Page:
A letter, addressed to Lappartient and other senior UCI officials, has been published by a group labelled Union Cycliste Feminine.

A total of 76 retired Olympians, elite cyclists, scientists and researchers have called for the UCI to rescind its existing rules and implement eligibility criteria for the female category “that is based on female biological characteristics."

Sara Symington, head of the Olympic and Paralympic programmes at British Cycling, is among the signatories of the letter.

The letter said female cyclists had been willing to boycott the National Championships to get the UCI and British Cycling to hear their concerns about fairness in their sport.

British Cycling said it was now calling for a "coalition" to address transgender and non-binary participation in elite sports.

UCI President David Lappartient has said he is worried over the fairness of sport ©Getty Images
UCI President David Lappartient has said he is worried over the fairness of sport ©Getty Images

The UCI’s existing regulations were introduced in 2020, mirroring rules adopted by World Athletics.

World Athletics hosted a meeting in Lausanne to discuss the topic in November 2019, with the International Paralympic Committee, International Tennis Federation, World Rowing and the International Golf Federation also represented.

World Rugby introduced regulations in 2020 which concluding transgender women should not play women's contact rugby, after a review deemed allowing trans women to compete in women's rugby could lead to injuries due to "physiological differences."

The International Olympic Committee has defended encouraging International Federations to devise their own regulations, with the organisation insisting an overarching policy would not be effective due to the differing characteristics and safety deliberations each sport has to make.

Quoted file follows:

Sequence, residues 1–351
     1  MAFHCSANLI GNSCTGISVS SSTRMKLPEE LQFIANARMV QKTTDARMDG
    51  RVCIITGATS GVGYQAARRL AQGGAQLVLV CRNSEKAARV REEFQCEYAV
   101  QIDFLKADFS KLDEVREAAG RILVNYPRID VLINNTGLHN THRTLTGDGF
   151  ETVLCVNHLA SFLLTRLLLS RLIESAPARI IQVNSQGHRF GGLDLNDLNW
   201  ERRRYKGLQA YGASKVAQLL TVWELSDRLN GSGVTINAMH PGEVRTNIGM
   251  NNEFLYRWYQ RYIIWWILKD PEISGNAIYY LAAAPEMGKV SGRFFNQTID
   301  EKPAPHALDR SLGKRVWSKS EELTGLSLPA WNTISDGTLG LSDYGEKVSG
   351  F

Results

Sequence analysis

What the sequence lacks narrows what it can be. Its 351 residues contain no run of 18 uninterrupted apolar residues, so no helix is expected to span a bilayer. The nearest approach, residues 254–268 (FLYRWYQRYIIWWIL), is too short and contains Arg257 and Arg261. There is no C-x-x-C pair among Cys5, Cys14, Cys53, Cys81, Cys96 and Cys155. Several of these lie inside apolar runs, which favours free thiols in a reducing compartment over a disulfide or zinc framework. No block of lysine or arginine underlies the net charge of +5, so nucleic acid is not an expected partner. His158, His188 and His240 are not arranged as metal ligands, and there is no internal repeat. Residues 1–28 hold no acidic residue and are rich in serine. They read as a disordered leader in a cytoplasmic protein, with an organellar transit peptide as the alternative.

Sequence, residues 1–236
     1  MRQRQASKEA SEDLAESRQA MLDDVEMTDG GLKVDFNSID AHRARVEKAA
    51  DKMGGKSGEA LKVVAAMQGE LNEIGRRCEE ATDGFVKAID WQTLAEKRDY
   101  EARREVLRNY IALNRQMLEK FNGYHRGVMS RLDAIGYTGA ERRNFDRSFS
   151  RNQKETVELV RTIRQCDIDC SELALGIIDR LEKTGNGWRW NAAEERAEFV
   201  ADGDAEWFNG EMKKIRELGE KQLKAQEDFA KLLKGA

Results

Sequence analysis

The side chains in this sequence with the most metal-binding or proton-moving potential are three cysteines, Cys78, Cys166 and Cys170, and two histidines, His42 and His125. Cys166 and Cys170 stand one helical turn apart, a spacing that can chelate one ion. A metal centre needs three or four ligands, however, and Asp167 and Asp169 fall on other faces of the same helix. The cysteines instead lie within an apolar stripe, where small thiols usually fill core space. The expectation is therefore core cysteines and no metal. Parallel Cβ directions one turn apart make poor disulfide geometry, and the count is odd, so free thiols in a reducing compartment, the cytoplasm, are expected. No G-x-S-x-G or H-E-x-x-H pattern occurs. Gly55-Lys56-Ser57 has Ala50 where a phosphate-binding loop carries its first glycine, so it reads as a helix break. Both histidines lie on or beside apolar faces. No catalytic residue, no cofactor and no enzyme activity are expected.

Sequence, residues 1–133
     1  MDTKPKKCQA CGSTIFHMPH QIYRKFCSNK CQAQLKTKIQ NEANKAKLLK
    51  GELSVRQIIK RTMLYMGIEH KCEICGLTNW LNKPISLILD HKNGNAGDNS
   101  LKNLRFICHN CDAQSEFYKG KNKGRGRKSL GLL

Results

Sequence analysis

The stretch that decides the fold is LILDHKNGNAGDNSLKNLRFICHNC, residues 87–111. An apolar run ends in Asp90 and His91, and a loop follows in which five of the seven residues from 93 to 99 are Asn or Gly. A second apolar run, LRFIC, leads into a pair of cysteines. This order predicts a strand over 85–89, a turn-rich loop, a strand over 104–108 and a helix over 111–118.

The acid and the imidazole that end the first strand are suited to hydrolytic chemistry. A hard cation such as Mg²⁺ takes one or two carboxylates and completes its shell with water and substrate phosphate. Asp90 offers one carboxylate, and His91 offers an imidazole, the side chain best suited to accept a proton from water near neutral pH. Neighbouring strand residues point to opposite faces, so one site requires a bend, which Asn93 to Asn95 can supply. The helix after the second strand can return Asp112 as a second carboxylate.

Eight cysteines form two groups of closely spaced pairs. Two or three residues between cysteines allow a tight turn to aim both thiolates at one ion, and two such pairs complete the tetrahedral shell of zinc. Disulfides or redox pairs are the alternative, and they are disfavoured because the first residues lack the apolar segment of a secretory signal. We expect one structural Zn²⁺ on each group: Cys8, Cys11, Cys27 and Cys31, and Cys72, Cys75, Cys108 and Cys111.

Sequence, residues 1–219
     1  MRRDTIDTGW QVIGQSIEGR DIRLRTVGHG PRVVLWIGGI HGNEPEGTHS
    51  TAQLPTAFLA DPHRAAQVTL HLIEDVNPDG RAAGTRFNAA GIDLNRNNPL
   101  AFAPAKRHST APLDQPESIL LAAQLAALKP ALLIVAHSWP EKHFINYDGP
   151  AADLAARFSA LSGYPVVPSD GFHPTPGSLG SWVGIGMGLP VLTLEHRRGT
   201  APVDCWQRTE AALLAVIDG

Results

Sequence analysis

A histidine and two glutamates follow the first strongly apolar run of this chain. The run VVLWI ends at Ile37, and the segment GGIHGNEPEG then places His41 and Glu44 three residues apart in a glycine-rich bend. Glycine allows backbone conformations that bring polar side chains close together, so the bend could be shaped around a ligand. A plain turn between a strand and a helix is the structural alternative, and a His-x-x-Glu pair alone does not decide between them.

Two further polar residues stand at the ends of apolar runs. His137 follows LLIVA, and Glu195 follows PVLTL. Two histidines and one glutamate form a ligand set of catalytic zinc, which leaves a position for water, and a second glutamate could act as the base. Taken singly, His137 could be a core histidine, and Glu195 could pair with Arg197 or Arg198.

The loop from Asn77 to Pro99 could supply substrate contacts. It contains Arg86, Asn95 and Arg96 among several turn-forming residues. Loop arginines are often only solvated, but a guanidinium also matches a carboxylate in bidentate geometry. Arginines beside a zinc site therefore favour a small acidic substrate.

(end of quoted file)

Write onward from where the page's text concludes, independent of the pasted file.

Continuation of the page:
The IOC's updated framework, published in November, said there should be "no presumption of performance advantage."

The head of the World Athletics medical department, the International Cycling Union medical director and the chair of the World Rowing Sports Medicine Commission were among the signatories of a paper in January that criticised the IOC framework.

The position paper said the framework "is in stark contrast with the outcome of the 2015 IOC consensus, the scientific evidence, and the subsequent assessment of numerous sports medicine associations/commissions."

The United States Olympic and Paralympic Committee (USOPC) chair Susanne Lyons said last month that transgender participation in sport was “complex”, reflecting that the organisation’s values of fairness and the right to compete were "a bit at odds."

Lyons said the USOPC had concerns over legislation by some US states seeking to introduce an outright ban on transgender athletes.

The USOPC said it will seek to support International Federations in creating and applying rules fairly on a sport-by-sport basis.

Transgender participation in sport has been a hot topic in the US after swimmer Lia Thomas became the first transgender athlete to win a National Collegiate Athletic Association (NCAA) Division I title last month.